The physical size and weight of the Leica X Typ 113 and the Nikon D5100 are illustrated in the side-by-side display below. The two cameras are presented according to their relative size. Three consecutive perspectives from the front, the top, and the back are available. All width, height and depth dimensions are rounded to the nearest millimeter.

The X Typ 113 can be obtained in three different colors (black, brown, white), while the D5100 is only available in black.

Size Leica X Typ 113 vs Nikon D5100
Compare X Typ 113 versus D5100 top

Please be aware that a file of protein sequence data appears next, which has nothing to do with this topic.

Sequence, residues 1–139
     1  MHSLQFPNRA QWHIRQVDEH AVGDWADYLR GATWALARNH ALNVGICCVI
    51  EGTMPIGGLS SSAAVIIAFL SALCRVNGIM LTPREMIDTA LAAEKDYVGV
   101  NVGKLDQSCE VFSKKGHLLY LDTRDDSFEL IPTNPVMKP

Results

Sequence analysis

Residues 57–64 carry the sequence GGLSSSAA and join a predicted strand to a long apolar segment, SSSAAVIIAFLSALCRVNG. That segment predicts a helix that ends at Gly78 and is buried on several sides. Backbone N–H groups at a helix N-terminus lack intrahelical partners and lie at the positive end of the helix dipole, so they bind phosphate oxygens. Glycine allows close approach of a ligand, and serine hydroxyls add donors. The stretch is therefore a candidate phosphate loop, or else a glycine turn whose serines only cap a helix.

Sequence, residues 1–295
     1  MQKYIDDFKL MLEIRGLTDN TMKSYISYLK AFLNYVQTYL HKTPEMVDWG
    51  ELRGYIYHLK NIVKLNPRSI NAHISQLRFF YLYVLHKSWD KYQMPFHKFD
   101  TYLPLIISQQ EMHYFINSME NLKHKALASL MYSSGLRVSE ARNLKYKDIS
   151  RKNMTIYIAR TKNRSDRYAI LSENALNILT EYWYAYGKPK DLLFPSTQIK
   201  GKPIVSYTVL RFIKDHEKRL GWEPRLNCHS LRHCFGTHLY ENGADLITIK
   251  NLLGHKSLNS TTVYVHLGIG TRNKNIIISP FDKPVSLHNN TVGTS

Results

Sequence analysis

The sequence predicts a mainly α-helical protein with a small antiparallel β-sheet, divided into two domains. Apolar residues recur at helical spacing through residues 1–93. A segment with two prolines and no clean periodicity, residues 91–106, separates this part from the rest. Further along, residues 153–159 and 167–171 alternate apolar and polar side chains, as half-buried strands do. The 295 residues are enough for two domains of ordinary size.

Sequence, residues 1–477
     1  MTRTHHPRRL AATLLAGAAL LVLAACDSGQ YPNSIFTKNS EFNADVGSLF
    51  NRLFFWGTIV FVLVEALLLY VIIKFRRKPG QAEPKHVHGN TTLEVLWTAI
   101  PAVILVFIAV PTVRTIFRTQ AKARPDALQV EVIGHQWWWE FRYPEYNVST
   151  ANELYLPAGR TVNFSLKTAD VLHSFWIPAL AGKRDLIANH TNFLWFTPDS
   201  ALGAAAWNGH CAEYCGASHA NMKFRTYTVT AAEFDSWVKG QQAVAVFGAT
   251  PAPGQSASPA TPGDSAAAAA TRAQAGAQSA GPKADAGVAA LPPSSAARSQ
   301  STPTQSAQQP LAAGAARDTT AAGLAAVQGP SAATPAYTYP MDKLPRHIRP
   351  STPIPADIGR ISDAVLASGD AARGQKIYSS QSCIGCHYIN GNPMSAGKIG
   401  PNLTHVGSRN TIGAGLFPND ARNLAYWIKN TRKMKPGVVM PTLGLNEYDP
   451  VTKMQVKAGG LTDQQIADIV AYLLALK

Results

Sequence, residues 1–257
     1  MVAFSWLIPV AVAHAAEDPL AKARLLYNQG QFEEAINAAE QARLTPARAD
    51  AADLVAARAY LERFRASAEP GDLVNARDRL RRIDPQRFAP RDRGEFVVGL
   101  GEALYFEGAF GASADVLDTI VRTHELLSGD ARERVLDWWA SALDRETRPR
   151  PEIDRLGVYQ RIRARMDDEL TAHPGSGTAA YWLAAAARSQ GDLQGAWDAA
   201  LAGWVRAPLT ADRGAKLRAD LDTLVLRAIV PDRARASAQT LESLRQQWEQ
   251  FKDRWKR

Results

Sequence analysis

Comparison X Typ 113 or D5100 rear

If the front view area (width x height) of the cameras is taken as an aggregate measure of their size, the Nikon D5100 is notably larger (28 percent) than the Leica X Typ 113. In this context, it is worth noting that neither the X Typ 113 nor the D5100 are weather-sealed.

The above size and weight comparisons are to some extent incomplete and possibly misleading, as the X Typ 113 has a lens built in, whereas the D5100 is an interchangeable lens camera that requires a separate lens. Attaching the latter will add extra weight and bulk to the setup. You can compare the optics available for the D5100 and their specifications in the Nikon Lens Catalog.

Concerning battery life, the X Typ 113 gets 350 shots out of its BP-DC8 battery, while the D5100 can take 660 images on a single charge of its EN-EL14 power pack.